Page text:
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More of the “China is Stealing Our IP” nonsense

I’m so sick of American politicians and reporters droning on about “China is stealing our intellectual property!” without even knowing what the hell they are talking about.

From some Twitter posts:

what a crime against humanity that China is trying to … grow improved food crops. (See Aleks Phillips, “Iowa Farmers Accuse China of Stealing American Seeds,” Newsweek (Aug. 4, 2023).)

This moron on Fox News reporting on this said they were stealing “secret, patented modified seeds.” Uh, patents are public, not secret, moron.


The argument from the whining farmers and reporters was convoluted but seemed to run something like this: China is undergoing some kind of espionage or theft to get information on how to have improved crop or farming methods, and also information about better seeds. This is secret, patented info, which doesn’t exist, but anyway. So then they get to grow better crops without paying royalties to Monsanto, so Monsanto has to pass on higher charges to American farmers making prices higher for American consumers. Uhhh, moron, how about getting rid of the ability of Monsanto to force people to pay royalties.

They also hinted that China might use this “stolen information” to make new seeds that harm crops, so they could use it as a weapon against American farming.


The FauxNews report was from the genius Bryan “Llenas”. (“What threat does China pose to US agriculture?” [“Fox News national correspondent Bryan Llenas reports on how the threat of China is expanding to U.S. agriculture on ‘America Reports.’”], FoxNews (Aug. 4, 2023).)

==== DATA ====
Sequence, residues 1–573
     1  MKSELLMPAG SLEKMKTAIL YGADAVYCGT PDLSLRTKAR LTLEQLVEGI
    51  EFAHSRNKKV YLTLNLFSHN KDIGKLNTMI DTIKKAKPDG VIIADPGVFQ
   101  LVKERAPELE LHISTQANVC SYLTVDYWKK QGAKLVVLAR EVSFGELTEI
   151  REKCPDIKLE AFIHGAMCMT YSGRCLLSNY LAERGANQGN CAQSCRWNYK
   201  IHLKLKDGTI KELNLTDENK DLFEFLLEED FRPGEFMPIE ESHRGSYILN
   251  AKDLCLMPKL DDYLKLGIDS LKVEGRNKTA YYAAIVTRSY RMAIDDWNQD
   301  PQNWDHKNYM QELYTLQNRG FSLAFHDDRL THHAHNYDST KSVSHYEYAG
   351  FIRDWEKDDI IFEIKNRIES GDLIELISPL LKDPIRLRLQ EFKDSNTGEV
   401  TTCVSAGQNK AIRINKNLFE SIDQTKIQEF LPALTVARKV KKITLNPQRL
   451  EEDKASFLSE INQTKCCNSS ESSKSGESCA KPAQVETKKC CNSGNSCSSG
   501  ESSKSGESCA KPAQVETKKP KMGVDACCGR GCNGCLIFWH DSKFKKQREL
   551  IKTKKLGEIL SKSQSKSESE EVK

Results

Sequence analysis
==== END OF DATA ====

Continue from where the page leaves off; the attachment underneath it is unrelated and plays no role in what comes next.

By the way, if it’s patented, by Monsanto, say, then Monsanto no doubt has international counterpart patents, e.g. in major countries or regions or in major farming countries, e.g. China and Europe. This means that Monsanto could sue Chinese farmers in China for using the patented seeds. (YES, China has patent and copyright law! Unfortunately!) It makes no sense.

Then the report says the seeds are being stolen from the US and then “reverse engineered.” This implies that they are not patented: that Monsanto is instead relying on trade secrets. Well, buying a seed is not theft. Analyzing its properties in China (“reverse engineering”) is also not theft. Using information you learn to improve you own seeds is not theft, especially if Monsanto chose not to patent it and instead relied on trade secrets. And as noted above, it it is patented, then why would the Chinee have to “reverse engineer” it? The information has to be disclosed in the patent, which is public. And then Monsanto could sue in China for patent infringement.

So this entire report is all bullshit and much ado about literally nothing.

Update: See also this chump on Twitter claiming China is “stealing our patents” and when challenged trots out this article: Chinese hackers took trillions in intellectual property from about 30 multinational companies, which specifically concedes: “Cybercriminals were focused on obtaining blueprints for cutting-edge technologies, the majority of which were not yet patented, Div said.” (And the ones that “were patented” cannot be “stolen” by “China”!)

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To the extent possible under law, Stephan Kinsella has waived all copyright and related or neighboring rights to C4SIF. This work is published from: United States. In the event the CC0 license is unenforceable a  Creative Commons License Creative Commons Attribution 3.0 License is hereby granted.